Monday, March 26, 2012

60 minutes segment on prosecutorial misconduct

Last night the TV show 60 minutes aired a segement on prosecutorial misconduct in a case in Texas in which the defendant was recently exonerated (after 25 years in prison) by DNA evidence.  It has been alleged that the prosecutor in the case knowingly withheld evidence it was legally obligated to disclose to the defendant's lawyers.  The prosecutor is now a judge and, according to the show, currently under investigation for the incident.  Here is the full segment.  It lasts about 14 minutes, but there are a couple of commercials within it.  Pay attention to the prosecutor's "apology" (at about the 8 minute mark). He apologizes because "the system" failed, but then denies any misconduct on his part. I wonder which part of the system he means failed? I have more comments below. Please continue reading after you watch the video. If, for some reason you can't see the video below, you can watch it here.



It seems to me that the real issue in this case starts with the question of whether the evidence that was allegedly withheld was "exculpatory." Note in the video that the attorneys for the defendant argue the evidence would have proven the defendant was innocent while the current lawyer for the former prosecutor claims it would not have.

If the evidence was "exculpatory", then the prosecutor had a duty to disclose it. Since there is evidence he did not disclose it, that would lead you to conclude that he acted in violation of his duty. Note that under the current Model Rules, the prosecutor would clearly have a duty to disclose the documents in question because the duty under the MRs is broader than the duty under previous case law (namely Brady v Maryland).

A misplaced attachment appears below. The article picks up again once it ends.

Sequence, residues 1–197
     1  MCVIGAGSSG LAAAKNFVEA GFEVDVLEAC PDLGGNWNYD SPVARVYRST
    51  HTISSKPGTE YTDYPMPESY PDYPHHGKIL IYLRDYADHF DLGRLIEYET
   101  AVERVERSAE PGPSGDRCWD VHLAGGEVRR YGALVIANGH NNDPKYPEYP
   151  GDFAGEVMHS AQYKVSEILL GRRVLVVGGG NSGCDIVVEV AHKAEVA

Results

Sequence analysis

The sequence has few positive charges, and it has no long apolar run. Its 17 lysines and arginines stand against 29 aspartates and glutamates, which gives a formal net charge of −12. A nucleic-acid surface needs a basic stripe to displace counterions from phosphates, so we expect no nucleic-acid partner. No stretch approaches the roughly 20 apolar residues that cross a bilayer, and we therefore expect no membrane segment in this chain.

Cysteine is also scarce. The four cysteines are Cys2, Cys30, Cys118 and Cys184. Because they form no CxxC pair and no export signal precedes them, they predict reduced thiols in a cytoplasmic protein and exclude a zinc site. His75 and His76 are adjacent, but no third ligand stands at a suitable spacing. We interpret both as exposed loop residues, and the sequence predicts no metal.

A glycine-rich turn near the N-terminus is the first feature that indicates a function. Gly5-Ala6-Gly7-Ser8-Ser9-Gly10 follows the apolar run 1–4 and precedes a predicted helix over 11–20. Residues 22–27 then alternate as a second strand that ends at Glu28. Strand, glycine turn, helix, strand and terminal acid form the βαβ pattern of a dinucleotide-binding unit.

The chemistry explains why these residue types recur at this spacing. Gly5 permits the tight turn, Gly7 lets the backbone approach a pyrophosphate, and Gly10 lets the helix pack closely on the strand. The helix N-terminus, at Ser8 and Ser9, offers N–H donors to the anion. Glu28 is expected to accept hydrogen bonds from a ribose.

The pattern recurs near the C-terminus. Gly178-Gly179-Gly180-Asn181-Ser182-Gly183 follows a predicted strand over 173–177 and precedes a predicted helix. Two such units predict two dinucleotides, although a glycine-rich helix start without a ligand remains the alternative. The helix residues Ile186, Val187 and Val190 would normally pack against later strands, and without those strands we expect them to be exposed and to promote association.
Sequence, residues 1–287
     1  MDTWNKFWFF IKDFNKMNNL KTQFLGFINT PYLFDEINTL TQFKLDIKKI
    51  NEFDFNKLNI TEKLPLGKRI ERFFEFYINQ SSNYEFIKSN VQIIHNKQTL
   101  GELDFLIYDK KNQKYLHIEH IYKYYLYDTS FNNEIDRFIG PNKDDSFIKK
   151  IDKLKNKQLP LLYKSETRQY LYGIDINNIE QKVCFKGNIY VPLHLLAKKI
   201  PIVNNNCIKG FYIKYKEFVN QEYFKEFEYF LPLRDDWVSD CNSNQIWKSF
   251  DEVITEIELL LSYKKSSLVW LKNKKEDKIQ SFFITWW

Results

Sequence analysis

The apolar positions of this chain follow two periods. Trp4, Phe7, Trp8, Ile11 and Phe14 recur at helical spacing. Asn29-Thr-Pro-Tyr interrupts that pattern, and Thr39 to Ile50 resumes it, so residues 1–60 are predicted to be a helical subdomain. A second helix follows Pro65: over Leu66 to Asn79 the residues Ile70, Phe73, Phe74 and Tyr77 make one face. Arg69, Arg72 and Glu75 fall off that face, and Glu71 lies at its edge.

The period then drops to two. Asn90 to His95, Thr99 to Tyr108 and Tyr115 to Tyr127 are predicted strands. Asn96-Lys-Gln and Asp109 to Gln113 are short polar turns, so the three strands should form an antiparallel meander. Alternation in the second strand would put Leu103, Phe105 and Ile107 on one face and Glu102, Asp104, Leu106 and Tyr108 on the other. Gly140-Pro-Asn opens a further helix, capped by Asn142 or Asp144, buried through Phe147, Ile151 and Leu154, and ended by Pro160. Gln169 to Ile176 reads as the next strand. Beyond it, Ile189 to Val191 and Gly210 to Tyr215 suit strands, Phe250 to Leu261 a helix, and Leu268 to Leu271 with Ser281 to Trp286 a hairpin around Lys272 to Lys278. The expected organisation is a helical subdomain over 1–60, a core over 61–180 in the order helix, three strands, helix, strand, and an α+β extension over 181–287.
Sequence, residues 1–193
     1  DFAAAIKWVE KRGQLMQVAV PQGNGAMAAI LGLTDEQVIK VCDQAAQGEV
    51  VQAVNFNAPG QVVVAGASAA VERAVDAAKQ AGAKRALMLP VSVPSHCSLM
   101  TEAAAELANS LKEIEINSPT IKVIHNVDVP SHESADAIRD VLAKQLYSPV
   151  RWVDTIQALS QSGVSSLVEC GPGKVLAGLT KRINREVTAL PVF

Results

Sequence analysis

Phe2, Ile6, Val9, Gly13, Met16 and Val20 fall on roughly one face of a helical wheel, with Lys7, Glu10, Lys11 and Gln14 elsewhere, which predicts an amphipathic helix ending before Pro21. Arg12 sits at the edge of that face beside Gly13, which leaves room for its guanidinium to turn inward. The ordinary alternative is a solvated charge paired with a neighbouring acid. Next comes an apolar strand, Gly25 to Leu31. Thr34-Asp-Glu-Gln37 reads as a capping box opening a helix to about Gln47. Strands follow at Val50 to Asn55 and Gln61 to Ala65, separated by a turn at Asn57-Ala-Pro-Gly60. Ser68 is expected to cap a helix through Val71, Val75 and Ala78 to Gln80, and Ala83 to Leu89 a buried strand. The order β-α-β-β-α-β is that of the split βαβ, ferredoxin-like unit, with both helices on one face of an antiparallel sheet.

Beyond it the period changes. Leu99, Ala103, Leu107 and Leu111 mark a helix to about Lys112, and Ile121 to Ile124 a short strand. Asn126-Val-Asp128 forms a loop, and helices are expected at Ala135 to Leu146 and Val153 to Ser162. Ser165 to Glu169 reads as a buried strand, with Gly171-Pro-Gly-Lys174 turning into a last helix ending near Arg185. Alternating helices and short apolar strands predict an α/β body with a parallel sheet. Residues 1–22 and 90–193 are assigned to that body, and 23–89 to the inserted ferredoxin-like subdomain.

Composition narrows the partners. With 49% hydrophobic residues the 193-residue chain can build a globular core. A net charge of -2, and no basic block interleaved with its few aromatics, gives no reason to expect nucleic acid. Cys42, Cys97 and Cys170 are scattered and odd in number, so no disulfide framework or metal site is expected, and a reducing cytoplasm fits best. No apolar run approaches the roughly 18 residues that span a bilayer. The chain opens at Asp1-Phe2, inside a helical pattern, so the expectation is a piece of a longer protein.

The problem with the discussion of the issue by the lawyers in the video is that whether the documents would have proven the defendant innocent is actually irrelevant. "Exculpatory" does not mean that it would have exonerated the defendant or proven that the defendant was not guilty. It only means that there is a “reasonable probability” that, had the evidence been disclosed to the defense, the result of the proceeding would have been different. See Kyles v Whitley, 514 U.S. 419 (1995).

Based on this, I think the evidence was exculpatory and that, therefore, there was a duty to disclose the information.

The statement by the current lawyer for the then-prosecutor that a claim that his client engaged in unethical conduct is "unwarranted" is ridiculous. Given the facts, the claim is clearly warranted. Also, it bothers me that the lawyer claims we are dealing with "speculation" about things that happened 25 year ago. Yet, here is one thing that does not seem to be speculation: the defendant did not get the documents. No one - not the prosecutor/now judge nor his lawyer - disputed that. The only thing they claim is that the prosecutor now says he could not believe he wouldn't have had a conversation with the defendant's attorney about the case. He did not claim that he did in fact disclose the information. As to that the best he could do was to say he did not remember.

UPDATE 4/21/13:  A judge has decided there is sufficient evidence that the former prosecutor should be tried for criminal contempt, tampering with evidence and tampering with government records. He said Anderson concealed the availability of exculpatory evidence. Go here for more details.